Ingrid Martins Holmberg (Göteborg): From ‚Old and Ugly‘ to ‚Old and Nice‘. On Transformations in Place Identity and Urban Heritage in Sweden

Technische Universität Berlin
Hörsaal H 0112, Hauptgebäude
Str. des 17. Juni 135
10623 Berlin

The urban landscape is ordered in many ways. This lecture will focus on the imaginary ordering of urban landscapes and show how such ordering takes on particular moral stances, such as good and bad, nice and ugly or alike, sorting not only materiality and space, but also people and identities. Departing from the Swedish case of Haga – an old-and-ugly urban mixed-use area that was revalued into an old-and-nice dwelling area – this lecture will reveal the discursive play through which these urban imaginaries were not only contested but also complexly converted. We will also address issues of heritagization, temporalization and methodology for the study of unruly imaginaries.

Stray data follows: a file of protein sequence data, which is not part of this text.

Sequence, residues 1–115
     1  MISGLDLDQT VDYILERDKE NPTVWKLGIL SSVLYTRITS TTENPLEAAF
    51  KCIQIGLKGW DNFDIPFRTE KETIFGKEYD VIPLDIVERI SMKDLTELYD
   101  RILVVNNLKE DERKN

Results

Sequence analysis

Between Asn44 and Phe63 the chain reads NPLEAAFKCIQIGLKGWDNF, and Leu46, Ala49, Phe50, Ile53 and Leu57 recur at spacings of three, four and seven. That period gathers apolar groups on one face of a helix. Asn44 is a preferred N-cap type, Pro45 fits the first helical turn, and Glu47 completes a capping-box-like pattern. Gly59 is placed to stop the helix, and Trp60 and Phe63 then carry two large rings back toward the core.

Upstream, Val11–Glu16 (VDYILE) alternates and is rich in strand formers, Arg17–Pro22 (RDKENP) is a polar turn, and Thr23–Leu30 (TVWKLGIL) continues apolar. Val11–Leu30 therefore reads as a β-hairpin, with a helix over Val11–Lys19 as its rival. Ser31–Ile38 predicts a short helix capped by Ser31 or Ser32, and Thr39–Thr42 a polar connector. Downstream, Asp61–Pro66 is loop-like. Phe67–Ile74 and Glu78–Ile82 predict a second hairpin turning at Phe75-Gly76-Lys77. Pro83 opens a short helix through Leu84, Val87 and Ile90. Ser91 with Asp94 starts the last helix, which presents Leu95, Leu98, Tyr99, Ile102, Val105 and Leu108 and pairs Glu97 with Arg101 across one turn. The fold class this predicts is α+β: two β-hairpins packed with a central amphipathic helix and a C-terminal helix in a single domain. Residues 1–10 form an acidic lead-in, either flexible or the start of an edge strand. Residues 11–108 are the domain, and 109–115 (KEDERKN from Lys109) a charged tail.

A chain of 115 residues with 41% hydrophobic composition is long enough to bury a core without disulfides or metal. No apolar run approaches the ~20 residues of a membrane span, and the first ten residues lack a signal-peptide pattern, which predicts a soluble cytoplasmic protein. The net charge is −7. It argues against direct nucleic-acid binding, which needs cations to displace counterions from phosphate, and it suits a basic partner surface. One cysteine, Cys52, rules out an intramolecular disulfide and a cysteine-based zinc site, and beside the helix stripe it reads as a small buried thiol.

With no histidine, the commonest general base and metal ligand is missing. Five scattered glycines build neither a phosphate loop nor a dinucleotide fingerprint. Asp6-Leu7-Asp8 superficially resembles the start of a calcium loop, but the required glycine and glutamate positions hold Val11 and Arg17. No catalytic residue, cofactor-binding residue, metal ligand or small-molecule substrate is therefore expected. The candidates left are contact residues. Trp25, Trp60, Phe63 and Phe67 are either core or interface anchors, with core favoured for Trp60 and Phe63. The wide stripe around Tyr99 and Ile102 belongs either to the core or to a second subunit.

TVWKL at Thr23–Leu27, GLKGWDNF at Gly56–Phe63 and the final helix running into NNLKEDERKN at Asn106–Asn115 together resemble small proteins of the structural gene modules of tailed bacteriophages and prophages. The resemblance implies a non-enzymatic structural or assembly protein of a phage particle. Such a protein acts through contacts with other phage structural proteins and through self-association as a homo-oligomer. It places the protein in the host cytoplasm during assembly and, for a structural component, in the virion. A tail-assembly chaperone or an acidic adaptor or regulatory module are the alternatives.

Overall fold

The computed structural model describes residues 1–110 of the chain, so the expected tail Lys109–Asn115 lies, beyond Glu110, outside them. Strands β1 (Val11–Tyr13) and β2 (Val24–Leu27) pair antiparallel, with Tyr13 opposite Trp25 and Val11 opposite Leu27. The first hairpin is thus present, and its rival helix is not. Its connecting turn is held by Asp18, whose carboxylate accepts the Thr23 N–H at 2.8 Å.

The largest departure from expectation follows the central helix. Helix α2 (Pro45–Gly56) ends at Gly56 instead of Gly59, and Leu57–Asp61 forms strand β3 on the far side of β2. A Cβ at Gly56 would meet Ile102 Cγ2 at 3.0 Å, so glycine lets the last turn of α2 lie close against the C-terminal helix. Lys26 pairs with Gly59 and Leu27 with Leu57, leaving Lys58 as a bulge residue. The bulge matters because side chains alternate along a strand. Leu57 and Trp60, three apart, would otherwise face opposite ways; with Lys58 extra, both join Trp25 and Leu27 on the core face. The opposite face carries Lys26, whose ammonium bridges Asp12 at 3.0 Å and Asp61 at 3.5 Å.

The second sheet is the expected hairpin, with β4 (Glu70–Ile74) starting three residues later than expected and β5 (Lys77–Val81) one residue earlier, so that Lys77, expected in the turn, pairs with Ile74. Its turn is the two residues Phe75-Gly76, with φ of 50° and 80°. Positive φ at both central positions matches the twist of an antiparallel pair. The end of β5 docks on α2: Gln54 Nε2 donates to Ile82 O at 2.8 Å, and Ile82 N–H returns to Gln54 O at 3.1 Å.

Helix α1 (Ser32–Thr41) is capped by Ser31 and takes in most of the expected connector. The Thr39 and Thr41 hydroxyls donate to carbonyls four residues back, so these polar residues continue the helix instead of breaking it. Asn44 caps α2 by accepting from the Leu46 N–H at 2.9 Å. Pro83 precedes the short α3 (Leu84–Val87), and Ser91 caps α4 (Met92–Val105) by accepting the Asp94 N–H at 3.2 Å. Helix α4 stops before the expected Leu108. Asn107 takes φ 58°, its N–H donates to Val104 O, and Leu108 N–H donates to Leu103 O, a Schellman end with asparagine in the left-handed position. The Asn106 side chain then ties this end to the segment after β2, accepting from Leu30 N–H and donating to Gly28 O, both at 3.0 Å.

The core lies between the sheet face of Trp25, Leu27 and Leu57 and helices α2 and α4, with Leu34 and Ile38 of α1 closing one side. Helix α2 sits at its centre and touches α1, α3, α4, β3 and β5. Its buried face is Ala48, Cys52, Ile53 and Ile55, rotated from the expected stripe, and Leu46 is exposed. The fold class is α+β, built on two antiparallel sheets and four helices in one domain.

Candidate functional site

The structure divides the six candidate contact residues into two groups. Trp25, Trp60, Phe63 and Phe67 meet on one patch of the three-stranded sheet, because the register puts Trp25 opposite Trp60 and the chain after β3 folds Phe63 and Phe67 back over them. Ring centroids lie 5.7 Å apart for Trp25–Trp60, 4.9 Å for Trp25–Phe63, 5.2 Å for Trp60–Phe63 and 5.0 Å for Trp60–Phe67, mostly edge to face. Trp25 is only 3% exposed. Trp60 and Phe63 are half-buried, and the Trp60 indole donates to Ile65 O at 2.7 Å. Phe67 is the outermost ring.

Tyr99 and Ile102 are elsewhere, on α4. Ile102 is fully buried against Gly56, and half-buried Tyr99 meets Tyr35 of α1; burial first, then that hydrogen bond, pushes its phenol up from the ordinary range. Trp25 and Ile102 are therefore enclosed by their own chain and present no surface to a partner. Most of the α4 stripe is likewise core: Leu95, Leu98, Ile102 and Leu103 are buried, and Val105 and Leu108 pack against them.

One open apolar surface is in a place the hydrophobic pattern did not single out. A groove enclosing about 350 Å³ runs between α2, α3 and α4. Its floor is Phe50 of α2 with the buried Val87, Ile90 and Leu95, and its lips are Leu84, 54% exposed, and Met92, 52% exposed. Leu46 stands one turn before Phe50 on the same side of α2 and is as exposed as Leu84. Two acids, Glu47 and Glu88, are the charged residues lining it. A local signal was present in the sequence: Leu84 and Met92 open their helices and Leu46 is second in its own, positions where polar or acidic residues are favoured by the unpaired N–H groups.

Ingrid Martins Holmberg gained her PhD in 2006 with the dissertation On the urban Surface:On the historicization of Haga [På stadens yta]. The study (prized) put a foucauldian perspective on the discursive play that successively, and in a process ranging over 150 years, transformed ordinary urban built environments into heritage objects. In subsequent research this perspective on urban transformations has been developed also in the direction of ANT and mobility studies. Her research areas span over several themes: Uses of the past in urban transformations, Participatory planning in heritage management, History of landscapes and built environments, Roma‘ historical places and the official heritage institutions. She has been teaching extensively within the field and has been acting director of studies. Today she is the main supervisor of three PhD students in Conservation of built heritage. In 2016 she spent a sabbatical leave at the chair of Sybille Frank, Prof. Dr. phil., Junior Professor for Urban and Regional Sociology at the Department of Sociology, Technische Universität zu Berlin. Since 2013 she is commissioned research coordinator of the research theme Curating the city, at the Centre for Critical Heritage Studies, University of Gothenburg . The research cluster is for example running seminar series, setting up an international researcher’s network and a Curatorial Residency, and runs a publication series. Her current research concerns the epistemological conditions for an expanded history of built environments; the negotiations of urban temporalities; in everyday ethics of maintenance and repair.